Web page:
House keys, wallet or purse, mobile phone and .... oh, yes: face mask.
Reluctantly for many, but also inexorably in the face of a deadly invisible enemy, small rectangles of flimsy yet live-saving tissue have in mere months joined the list of don't-leave-home-without-them items for billions around the world.
Not since humans invented shoes or underwear has a single item of dress caught on so widely and quickly from Melbourne to Mexico City, Beijing to Bordeaux, spanning borders, cultures, generations and sexes with almost the same Earth-shaking speed as the coronavirus.
"There has, perhaps, never been such a rapid and dramatic change in global human behaviour," says Jeremy Howard, co-founder of #Masks4All, a pro-mask lobbying group.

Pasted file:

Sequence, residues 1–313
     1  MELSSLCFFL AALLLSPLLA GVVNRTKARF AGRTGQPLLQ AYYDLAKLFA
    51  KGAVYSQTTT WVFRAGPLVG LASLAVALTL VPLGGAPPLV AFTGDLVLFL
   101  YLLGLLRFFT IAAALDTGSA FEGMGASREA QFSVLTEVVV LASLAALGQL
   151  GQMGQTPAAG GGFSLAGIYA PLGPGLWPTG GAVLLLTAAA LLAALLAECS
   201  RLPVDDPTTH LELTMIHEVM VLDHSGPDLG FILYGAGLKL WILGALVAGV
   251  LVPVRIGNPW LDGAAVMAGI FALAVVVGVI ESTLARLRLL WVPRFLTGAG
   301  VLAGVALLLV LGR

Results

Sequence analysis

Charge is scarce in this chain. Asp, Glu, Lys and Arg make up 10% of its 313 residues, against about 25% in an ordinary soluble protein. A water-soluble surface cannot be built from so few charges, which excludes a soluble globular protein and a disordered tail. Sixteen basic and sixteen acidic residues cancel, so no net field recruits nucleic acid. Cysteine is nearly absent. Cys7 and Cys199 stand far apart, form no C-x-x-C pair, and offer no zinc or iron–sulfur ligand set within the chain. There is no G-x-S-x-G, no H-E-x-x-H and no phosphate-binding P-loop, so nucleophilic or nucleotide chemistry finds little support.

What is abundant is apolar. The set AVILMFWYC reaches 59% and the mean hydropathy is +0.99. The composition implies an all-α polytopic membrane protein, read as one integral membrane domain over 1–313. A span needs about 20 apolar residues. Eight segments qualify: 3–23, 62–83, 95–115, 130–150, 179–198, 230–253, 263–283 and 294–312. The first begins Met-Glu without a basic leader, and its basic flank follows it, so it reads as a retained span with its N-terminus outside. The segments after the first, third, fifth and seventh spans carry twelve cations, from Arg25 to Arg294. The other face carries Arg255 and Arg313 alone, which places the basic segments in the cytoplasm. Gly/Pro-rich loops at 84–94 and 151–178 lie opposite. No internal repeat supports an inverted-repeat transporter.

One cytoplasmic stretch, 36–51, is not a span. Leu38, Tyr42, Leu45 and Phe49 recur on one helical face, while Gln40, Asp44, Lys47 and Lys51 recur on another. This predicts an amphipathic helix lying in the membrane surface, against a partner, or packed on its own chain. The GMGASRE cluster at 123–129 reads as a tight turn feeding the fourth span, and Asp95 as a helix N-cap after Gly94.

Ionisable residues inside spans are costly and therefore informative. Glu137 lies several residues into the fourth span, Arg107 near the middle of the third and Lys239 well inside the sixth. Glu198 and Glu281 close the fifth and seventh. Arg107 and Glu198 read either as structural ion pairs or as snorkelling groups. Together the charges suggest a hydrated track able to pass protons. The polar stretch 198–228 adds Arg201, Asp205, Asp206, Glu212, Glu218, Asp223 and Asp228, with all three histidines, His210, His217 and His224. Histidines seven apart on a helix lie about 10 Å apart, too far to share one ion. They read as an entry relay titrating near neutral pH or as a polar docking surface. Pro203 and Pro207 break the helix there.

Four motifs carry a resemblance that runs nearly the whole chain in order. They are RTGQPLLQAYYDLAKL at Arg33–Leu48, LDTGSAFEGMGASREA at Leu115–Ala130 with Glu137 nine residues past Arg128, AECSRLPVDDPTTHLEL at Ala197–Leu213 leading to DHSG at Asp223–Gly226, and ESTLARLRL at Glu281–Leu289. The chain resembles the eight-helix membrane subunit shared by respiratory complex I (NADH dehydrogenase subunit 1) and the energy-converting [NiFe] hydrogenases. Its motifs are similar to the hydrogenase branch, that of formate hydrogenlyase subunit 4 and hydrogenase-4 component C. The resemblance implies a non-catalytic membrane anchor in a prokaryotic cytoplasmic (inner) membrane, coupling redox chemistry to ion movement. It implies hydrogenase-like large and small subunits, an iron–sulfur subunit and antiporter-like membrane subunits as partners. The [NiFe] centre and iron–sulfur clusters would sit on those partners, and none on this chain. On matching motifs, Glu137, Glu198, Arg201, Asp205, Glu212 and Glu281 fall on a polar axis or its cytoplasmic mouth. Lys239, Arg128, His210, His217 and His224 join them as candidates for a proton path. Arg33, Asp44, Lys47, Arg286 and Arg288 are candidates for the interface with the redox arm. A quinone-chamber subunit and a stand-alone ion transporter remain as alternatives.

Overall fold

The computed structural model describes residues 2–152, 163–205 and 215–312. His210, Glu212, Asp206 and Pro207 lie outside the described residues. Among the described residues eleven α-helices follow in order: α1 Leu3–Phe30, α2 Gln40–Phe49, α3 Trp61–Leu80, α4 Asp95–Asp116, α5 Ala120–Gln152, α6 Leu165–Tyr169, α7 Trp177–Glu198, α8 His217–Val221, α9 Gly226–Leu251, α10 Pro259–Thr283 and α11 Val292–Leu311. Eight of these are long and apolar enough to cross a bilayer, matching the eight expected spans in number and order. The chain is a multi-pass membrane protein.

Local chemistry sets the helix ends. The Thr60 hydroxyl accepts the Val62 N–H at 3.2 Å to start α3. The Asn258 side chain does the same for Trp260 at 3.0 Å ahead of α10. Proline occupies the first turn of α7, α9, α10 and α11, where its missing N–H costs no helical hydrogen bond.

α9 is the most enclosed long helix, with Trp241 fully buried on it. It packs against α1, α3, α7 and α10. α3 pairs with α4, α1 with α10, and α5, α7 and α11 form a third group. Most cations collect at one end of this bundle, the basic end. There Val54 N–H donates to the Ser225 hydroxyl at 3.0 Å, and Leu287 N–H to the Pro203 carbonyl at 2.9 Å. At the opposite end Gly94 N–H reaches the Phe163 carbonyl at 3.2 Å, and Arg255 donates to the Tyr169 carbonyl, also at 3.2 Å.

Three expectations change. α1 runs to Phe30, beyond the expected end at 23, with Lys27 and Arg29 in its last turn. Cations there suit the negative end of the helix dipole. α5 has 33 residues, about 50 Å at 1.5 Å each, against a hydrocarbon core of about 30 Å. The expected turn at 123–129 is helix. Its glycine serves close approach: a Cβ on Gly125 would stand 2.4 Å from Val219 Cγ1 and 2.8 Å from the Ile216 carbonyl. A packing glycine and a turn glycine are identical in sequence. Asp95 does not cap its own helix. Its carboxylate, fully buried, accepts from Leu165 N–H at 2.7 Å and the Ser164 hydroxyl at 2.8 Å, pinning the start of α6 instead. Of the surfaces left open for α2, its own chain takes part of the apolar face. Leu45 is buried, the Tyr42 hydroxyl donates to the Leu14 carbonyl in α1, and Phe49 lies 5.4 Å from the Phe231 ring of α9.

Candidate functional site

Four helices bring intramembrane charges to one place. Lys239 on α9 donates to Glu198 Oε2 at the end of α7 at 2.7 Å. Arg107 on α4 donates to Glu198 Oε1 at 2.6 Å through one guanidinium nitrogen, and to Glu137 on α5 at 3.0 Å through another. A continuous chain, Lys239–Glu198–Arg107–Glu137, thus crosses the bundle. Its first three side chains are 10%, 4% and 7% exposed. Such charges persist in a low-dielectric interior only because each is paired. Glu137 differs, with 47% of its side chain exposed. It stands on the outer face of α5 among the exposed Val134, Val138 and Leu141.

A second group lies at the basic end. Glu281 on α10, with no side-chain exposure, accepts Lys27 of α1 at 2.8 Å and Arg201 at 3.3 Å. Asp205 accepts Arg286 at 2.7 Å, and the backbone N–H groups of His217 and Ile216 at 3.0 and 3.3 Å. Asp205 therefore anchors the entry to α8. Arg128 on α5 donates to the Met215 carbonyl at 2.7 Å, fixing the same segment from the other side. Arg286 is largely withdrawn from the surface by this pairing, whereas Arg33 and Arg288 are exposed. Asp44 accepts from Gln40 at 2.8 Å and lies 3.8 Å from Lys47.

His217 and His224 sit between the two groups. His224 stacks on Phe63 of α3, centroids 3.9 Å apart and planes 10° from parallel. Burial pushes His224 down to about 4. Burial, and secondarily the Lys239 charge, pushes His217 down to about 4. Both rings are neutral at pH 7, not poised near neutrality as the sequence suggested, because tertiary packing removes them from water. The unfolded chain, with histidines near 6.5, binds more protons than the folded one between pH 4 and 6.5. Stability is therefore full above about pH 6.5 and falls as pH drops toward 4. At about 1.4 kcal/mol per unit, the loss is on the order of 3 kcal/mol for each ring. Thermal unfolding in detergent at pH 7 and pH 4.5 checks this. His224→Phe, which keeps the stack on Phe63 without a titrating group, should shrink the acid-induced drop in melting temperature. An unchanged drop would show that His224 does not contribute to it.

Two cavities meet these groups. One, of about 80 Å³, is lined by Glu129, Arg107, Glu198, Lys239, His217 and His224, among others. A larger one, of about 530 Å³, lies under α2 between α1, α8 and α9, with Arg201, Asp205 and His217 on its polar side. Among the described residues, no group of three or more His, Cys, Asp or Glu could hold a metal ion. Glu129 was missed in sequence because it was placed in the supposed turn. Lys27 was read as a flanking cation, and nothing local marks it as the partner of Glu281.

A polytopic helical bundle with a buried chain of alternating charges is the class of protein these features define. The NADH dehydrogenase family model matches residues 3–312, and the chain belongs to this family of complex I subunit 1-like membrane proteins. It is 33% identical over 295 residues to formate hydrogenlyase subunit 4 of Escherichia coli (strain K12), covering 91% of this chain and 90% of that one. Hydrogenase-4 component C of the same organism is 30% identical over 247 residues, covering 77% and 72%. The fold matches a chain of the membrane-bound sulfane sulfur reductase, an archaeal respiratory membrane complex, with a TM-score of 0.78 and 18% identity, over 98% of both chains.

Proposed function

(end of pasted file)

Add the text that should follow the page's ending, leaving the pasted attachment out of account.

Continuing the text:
"Humanity should be patting itself on the back." But rarely, also maybe never, has anything else worn by humans sparked such furious discord and politicking, most notably in the United States.
Did anyone on an American beach ever pull a gun on someone for wearing a bikini, as an unmasked man did on a masked shopper this month at a Florida Walmart? As such, like other human habits, the mask has become a mirror on humanity.
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